Happier Shoppers Won't Solve Coach's Problems

Yesterday's announced rise in U.S. retail sales is welcome news to companies like Gap and Coach, but it's not enough to get them out of trouble.

Apr 15, 2014 at 5:15PM

According to the Commerce Department, retail sales grew by 1.1% in March, and in February, they grew by 0.7%, more than initially proposed. According to my wife, I shouldn't eat that cheese -- it's gone bad. Getting back to retail sales, the March result was slightly higher than analysts had predicted, leading to an odd sort of euphoria among observers. One economist said, "The consumer came in like a lamb and went out roaring like a lion." Maybe a little strong.

While the highest of hopes may not yet have come true, what's undeniable is that the trend is looking better across the whole retail sector. After a winter of weak sales and depressed margins, reports are now showing an increase in confidence and spending across the U.S.

All signs point to maybe
In addition to the March sales report, the newest consumer confidence report also showed an improvement in expectations. Consumers are reportedly looking forward to a better tomorrow, although they still believe that incomes are going to remain slow to grow.

Income growth has been the sticking point for many retail brands, with customers holding on to their spare cash in the expectation that no excess is going to be coming their way in the near future. That's had implications across the spectrum. For instance, Gap (NYSE:GPS) and teen retailers in general have been hit when back-to-school and Christmas roll around, cutting prices to entice parents into spending their hard-earned cash.

On the higher end, businesses like Coach (NYSE:COH) are failing to bring in new customers as their brands show wear and tear. Instead, only the hottest aspirational brands are able to pull in big groups of new shoppers. During its last conference call, Coach pointed to the drop in foot traffic as one of the biggest contributors to its weak numbers -- North American comparable sales fell 9%.

Economics alone won't save the world
In the interest of full disclosure, maybe economics alone would save the world -- I'm not sure. What I do know for sure is that Gap and Coach can't just wait it out. Both brands need to keep their image sharp if they want to compete. Gap has been losing ground to trendier retailers like Urban Outfitters' Anthropologie brand.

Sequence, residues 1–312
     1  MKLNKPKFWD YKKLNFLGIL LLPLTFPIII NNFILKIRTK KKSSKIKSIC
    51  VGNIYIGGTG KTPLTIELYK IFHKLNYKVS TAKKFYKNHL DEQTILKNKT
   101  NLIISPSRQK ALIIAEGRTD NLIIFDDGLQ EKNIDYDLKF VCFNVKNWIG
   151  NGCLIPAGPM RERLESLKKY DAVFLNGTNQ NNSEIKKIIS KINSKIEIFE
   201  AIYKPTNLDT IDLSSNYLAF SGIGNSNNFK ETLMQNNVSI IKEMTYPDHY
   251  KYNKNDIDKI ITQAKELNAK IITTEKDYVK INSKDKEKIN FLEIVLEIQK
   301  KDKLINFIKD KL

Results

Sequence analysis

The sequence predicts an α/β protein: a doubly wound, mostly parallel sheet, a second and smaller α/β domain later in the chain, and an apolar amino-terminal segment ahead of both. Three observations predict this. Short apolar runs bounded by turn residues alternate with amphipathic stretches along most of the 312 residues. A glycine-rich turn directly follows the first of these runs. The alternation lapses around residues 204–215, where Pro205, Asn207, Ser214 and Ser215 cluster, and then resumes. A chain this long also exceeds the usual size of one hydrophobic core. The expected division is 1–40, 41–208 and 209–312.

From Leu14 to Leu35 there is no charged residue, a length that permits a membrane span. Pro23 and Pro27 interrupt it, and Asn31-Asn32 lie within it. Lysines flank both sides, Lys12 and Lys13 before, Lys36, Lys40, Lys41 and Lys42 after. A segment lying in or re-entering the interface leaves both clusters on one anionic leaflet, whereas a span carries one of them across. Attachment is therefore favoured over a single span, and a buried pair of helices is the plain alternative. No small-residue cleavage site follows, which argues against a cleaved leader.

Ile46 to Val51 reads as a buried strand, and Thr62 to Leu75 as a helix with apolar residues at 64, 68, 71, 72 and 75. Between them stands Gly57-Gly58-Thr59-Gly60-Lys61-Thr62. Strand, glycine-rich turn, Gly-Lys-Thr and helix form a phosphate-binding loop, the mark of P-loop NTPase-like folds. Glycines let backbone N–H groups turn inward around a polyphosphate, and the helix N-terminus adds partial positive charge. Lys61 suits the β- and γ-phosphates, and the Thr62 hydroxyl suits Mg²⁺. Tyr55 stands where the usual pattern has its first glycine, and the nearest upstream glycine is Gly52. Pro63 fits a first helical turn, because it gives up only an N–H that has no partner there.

Gap's comparable sales fell 6% in March, highlighting the brand's current problems. What Gap needs is a little shine on its shoes. The company is still riding relatively high, having reworked its entire business over the last year and a half. It now needs to find a way to keep the ball rolling. For its part, Gap is optimistic about the rest of the year, and even with its shortfall, it felt comfortable reaffirming its full-year earnings-per-share guidance.

Coach is in a tighter spot, with a longer and deeper slump. Branding has been a real problem lately, with Coach unable to sell its main message. Instead, it's been focusing on international expansion and its men's line. Those have done well, with men's sales increasing by close to 20% last quarter. But it's left Coach's core customers feeling left out, and they've moved on to brands that are focusing on them instead.

The bottom line
A positive turn in our perception of the economic condition is good news, generally. For Gap, it's probably going to help bring the business back to level, as the company has a strong enough brand and a dedicated enough fan base. For Coach, it's still good news, but there's more work required to make the turn from bad to good. While Gap can fall back on the brand strength that it developed recently, Coach needs to stop the brand-bleeding before it sees a big bump from any general economic turn for the good.

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Andrew Marder has no position in any stocks mentioned. The Motley Fool recommends and owns shares of Coach. Try any of our Foolish newsletter services free for 30 days. We Fools may not all hold the same opinions, but we all believe that considering a diverse range of insights makes us better investors. The Motley Fool has a disclosure policy.

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